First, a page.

The impact of an out-of-school swimming program for underserved children and youth on stakeholders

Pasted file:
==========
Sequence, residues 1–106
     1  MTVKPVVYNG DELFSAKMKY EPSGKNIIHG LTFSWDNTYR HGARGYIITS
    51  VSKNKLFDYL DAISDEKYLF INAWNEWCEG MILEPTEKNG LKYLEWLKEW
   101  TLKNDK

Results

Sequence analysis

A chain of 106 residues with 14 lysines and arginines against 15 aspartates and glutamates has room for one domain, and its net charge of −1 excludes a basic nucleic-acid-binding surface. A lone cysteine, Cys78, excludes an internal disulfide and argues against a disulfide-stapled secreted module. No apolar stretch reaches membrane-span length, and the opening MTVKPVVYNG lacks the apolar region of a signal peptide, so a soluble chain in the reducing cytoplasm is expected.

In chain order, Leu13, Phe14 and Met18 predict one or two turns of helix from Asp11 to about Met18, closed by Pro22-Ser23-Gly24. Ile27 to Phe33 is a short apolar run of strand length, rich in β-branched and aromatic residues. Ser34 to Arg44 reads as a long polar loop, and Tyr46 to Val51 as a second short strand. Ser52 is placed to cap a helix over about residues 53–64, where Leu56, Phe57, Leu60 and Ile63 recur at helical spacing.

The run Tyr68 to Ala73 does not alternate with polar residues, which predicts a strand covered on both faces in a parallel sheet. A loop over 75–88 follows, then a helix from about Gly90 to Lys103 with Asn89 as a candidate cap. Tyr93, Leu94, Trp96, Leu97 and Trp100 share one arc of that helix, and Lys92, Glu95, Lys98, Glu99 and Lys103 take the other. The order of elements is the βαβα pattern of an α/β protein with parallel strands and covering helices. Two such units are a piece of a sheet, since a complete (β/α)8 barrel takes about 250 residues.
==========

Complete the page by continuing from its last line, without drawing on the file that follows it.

The purpose of this study was to examine the impact of an out-of-school swimming program (OSSP) for underserved children and youth on its stakeholders. Specific research questions (a) explored the impact of the OSSP on children and youth, (b) described the perspectives and practices of instructors working in the OSSP, (c) examined the factors which shaped these perspectives and practices, and (d) described community partners’(CPs) perceptions of the OSSP. Participants were 200 children and youth who attended the OSSP, 2 female instructors, 4 CPs associated with the OSSP, and parents of the children and youth who participated in the program. A theoretical perspective was derived from the literature on socialization, as well as community-engaged scholarship. A mixed-methods design was used to measure the program impact on children and youth. Aquatic skill and knowledge of water safety were measured through assessments. These data were examined through descriptive and inferential statistical procedures. Additional data were collected through qualitative methods. The perspectives, practices, and perceptions of the instructors and CPs were also measured using interpretive methods including, non-participant observation, informal interviews, formal interviews, document analysis, and written feedback. Standard interpretive methods were employed to analyze the data these techniques yielded. Several key findings emerged: (a) the children and youth improved their aquatic skill and knowledge of water safety and became confident in their aquatic ability and knowledge, (b) the instructors were highly skilled and had well-developed sets of beliefs about teaching swimming and working with disadvantaged children and youth by the end of the OSSP, and (c) the CPs found the OSSP to be relevant, to have a high level of reciprocity, and to be resilient. The OSSP was shown to counter structural, institutional, personal, and cultural barriers that limited underserved children’s and youths’ access to and value of swimming. The study suggests well trained instructors can be a component to overcoming these barriers. Others aiming to design similar programs may benefit from examining the organizational structure and content of the OSSP.